“Our way of life was typical in the days of the early Jesus movement.” because they had no other way of life! thats what gets me. does the pope live in a gold house? yes. is that right? no, i don’t think so. but it is what it is. evolution happened along with the birth of society but it doesn’t mean that caring (emotionally or financially) for yourself or those you love is wrong. whatever happened to hospitality of the heart?
Actually, I’m going to disagree with you here. They *did* have another way of life! Yes, people lived more communally than we do now (heck, up until 50 or 75 years ago, we all lived more communally than now), but they still lived very individualized lives. There was more of an emphasis on family, yes, but people didn’t live and freely share resources with those outside of their families. Until Jesus came, and in the book of Acts (chapter 2, verse 44 – 45): “All the believers were together and had everything in common. Selling their possessions and goods, they gave to anyone as he had need.” This was *not* normal in their time, and neither is it normal in ours. That doesn’t mean that caring for yourself or those you love is wrong, I agree. However, I do believe that it is my responsibility (as a person trying to follow Jesus) to care and provide for those who cannot care and provide for themselves. Hospitality of the heart is fine, but if someone’s starving to death, it won’t fill their belly. Hospitality of the heart only goes halfway – if that – if I’ve got extra food in my cupboard and 1 in 5 (in Hamilton) are hungry.
“Many of us who find ourselves living differently from the dominant culture end up needing to “despectacularize” things a little so that the simple way is made as accessible as possible to other ordinary radicals.” how can he not see that what he’s written about in this chapter, all over his website, through his online presence, is the very thing he’s speaking out against? he is “spectacularizing” a culture of “living downward” & probably making a tidy profit from it! by alienating himself from main stream society, by asking people to give up their possessions and follow his “new way” of living Christianity, he is doing the very thing he’s speaking out against.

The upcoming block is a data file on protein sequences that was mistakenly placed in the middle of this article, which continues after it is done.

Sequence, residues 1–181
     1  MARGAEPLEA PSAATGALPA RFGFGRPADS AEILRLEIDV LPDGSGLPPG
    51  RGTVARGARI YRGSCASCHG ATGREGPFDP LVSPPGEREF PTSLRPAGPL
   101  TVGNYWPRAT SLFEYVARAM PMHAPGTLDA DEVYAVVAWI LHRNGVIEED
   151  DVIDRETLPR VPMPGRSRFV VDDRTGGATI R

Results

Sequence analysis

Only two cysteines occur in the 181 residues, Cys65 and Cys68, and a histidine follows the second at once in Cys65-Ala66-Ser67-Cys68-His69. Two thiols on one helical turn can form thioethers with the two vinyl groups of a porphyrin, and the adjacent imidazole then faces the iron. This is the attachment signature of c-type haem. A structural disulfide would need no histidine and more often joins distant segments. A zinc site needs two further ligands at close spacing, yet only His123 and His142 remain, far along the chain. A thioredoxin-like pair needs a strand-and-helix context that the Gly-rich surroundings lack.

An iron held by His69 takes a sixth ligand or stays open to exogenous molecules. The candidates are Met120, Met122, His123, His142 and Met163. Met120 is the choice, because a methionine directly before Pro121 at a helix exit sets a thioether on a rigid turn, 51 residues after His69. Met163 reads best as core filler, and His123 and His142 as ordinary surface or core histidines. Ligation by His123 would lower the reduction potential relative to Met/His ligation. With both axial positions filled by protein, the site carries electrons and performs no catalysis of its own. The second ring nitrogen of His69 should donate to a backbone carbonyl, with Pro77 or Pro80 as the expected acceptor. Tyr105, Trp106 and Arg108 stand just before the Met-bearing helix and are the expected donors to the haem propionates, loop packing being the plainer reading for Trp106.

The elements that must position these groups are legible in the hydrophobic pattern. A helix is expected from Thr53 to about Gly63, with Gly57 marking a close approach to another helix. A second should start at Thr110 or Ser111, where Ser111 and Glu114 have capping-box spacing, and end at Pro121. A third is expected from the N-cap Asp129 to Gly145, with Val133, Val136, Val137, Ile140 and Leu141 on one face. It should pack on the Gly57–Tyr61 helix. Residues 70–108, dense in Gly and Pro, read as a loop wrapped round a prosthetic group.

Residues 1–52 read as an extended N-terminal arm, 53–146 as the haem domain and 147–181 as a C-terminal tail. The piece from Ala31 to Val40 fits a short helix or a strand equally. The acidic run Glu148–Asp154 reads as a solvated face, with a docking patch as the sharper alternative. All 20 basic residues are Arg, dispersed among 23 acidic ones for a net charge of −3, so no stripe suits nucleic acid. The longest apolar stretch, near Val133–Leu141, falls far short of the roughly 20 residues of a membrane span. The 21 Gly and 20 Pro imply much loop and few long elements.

First off, Claiborne is NOT asking people to “give up their possessions and follow his ‘new way’ of Christianity”. NOT AT ALL! He’s asking people to re-read their Bibles, where time and time again, Jesus invites people to give up their possessions/sell their things/leave everything and follow HIM! Claiborne is merely sharing how *he* has lived out this call – and I might add, is quick to say – if not in that particular chapter, than at least in the rest of the book – that he doesn’t think that his kind of life is for everyone. He is hardly “alienating himself from mainstream society”, he is choosing not to live in it – and this decision is hardly something he thought up himself. In John 15:19, Jesus says “you do not belong to the world, but I have chosen you out of the world.” Jesus doesn’t want Christians to live in the same manner as non-Christians – what then, would be the point? re: “making a tidy profit” – Since only Chapter 5 was available, I’ll share that in the foreward to the book, Claiborne states that all of the profits from the book are being given away. In appendix 1, all of the organizations to which he is giving the profits are listed.
after all, Jesus didn’t ever ask for followers did he? they followed him because they loved him and wanted to be close to him, not because he asked them to “think outside the box”